Tale of Quirky Living: Tantric Men in Buenos Aires

by | Feb 1, 2013 | Dating, My Life, Sex | 6 comments

There must be something about my “energy” that is radiating out in the world, “I want a Tantric lover.”

I have a completely bizarre (or amazing) tendency to attract Argentine men who on our first meeting sit across from the table from me and tell me–at length–about their knowledge of Tantra. This has now happened twice in a row in one month. I hardly know what to say. “Great!” “We just met!” I know they are trying to impress me but it feels fast. They want me to know I know they are not like all the other Argentine men. Typical Argentines, they say, want to score with as many women as possible to prove their masculinity.

A male tango teacher used the word “horny” to describe Buenos Aires. “Sexy” would be nice, but “horny”? “Horny” sounds like a city of teenage boys. Everyone is on the prowl for sex, but I get the sense (especially from talking to these chaps) that the norm for sex is traditional and fast. It’s a macho culture.

These non-macho men tell me about how most heterosexuals orient sex toward men’s needs. Until men realize that women have more sexual energy then men, and orient sex around women (learning how to make sex slower and more sensual, and to delay ejaculation), women will not be satisfied and men will have a cheaper version of sex than what’s possible.

Their analysis is spot-on. The kind of sex we see in porn is completely oriented around men, and that’s the only sex education that most people get these days. I have my own experiences with non-Western approaches to sex that are much more satisfying than the jackrabbit sex that rushes to male climax as the goal. Not with Tantra (I actually find that term to be confusing–it seems to be mainly about slowing down and breathing together), but Taoist sex, which is clearly described in this wonderful book, and with orgasmic meditation (or OM), a 15-minute partner practice to cultivate an alternative kind of female orgasm that both partners can feel. There is so much more to sex than what we think of as sex. I am writing about this in my upcoming memoir.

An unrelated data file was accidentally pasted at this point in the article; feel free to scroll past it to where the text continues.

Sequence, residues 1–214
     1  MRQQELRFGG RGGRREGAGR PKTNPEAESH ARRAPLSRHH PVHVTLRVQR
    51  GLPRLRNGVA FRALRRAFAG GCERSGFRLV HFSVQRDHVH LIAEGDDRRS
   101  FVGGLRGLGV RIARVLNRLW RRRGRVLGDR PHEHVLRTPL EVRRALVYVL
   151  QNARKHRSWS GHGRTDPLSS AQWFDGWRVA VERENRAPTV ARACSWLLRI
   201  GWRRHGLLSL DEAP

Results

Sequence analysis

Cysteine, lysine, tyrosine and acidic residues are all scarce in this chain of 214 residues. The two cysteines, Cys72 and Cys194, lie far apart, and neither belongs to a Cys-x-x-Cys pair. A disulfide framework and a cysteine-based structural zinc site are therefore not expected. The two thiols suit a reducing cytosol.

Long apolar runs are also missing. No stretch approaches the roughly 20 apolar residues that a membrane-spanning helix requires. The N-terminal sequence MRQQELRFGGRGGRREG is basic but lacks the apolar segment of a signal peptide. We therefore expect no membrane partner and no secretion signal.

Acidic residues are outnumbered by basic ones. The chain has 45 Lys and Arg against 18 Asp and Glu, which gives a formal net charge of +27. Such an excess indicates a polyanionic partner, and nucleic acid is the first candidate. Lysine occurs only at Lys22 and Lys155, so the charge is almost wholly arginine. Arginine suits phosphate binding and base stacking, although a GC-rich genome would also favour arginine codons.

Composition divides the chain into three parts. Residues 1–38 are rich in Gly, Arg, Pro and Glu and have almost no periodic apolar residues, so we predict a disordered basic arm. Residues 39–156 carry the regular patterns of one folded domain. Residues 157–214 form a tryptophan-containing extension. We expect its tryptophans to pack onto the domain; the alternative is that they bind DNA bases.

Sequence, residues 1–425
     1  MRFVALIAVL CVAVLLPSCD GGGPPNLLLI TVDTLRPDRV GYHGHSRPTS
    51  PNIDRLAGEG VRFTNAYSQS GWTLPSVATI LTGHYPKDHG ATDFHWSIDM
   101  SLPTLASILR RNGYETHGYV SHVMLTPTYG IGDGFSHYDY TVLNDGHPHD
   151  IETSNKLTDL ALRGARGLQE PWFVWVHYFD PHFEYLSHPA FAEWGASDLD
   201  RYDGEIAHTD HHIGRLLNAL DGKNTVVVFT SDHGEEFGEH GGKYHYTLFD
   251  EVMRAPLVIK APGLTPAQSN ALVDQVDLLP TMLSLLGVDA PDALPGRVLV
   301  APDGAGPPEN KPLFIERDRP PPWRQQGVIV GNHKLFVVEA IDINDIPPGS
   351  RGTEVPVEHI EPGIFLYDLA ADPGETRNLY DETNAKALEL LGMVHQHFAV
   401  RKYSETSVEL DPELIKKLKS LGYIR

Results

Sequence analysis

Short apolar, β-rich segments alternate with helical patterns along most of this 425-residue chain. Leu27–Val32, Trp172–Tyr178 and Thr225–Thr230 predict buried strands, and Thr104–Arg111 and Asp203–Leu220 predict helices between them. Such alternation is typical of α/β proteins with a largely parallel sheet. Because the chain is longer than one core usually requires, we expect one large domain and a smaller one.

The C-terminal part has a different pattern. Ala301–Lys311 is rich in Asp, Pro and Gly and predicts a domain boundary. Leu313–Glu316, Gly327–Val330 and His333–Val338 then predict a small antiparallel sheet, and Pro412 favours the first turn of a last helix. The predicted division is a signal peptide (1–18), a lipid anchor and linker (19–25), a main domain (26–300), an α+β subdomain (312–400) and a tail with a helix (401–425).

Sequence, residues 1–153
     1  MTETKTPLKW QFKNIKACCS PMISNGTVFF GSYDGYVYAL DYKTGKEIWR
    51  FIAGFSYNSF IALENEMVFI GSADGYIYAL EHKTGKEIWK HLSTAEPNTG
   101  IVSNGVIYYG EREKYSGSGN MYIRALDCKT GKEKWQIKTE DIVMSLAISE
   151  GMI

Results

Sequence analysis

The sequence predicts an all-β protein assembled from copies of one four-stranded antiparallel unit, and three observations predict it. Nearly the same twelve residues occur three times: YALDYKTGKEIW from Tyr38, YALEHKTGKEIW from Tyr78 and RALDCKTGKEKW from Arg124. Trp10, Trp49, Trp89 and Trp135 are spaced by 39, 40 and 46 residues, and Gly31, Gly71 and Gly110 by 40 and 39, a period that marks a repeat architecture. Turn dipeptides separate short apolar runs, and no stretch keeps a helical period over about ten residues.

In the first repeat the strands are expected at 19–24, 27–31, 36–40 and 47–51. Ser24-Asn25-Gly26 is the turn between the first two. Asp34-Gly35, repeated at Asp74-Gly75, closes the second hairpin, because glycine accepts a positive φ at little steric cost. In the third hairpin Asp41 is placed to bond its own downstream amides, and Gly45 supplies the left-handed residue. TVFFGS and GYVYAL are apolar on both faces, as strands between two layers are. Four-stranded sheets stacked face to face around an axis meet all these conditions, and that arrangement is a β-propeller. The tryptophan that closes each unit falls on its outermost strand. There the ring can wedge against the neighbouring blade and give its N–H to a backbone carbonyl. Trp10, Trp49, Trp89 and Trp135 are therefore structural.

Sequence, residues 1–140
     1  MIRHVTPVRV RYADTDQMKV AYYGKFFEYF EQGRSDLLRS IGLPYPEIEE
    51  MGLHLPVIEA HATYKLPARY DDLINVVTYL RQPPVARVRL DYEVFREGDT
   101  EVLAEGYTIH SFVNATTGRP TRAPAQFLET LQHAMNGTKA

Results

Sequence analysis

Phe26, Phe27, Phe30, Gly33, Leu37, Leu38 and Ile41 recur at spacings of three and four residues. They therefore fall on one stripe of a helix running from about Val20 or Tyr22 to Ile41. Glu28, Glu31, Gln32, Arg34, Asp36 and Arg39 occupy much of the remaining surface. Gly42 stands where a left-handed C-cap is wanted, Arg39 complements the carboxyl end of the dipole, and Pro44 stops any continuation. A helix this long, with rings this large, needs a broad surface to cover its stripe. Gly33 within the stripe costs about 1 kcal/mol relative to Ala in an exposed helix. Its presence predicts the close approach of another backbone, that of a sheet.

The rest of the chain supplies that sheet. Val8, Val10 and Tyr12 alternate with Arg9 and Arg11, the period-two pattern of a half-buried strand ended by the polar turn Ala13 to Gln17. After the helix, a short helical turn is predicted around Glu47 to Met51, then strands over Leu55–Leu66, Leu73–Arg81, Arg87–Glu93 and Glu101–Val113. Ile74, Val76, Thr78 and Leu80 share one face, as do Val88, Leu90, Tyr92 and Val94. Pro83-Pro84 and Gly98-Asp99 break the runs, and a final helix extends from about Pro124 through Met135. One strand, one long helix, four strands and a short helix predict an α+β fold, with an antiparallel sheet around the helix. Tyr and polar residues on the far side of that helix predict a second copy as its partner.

I’m a fan of Naomi Wolf’s latest book Vagina: a New Biography that argues that the vagina can be a pathway to enlightenment; that there is a connection between the cultivation of female sexuality and creativity; and that for a man to satisfy a woman, he needs to be “far more inventive, creative, and attentive than the conventional model of heterosexual sex scripts him to be.” And that in fact this kind of sex satisfies both men and women more deeply.

The latest guy told me it is the women’s responsibility to educate their men about the kind of sex they really want and to refuse to have sex with men who want to have sex that does not draw out female sexual energy. He thinks only “feminine” or “alternative” men will seek out alternative ideas around sexuality, so women will need to push their men to change. That’s probably true. But men need to want to change.

And women need to know that another kind of sex is possible. And to learn how to articulate their desires and needs. That’s a big deal. It’s what the practice of OM teaches. Even when we are getting a massage it can be hard to tell the massage therapist how we like to be touched. It is a skill to learn what you like, what you want, and how to communicate it to another.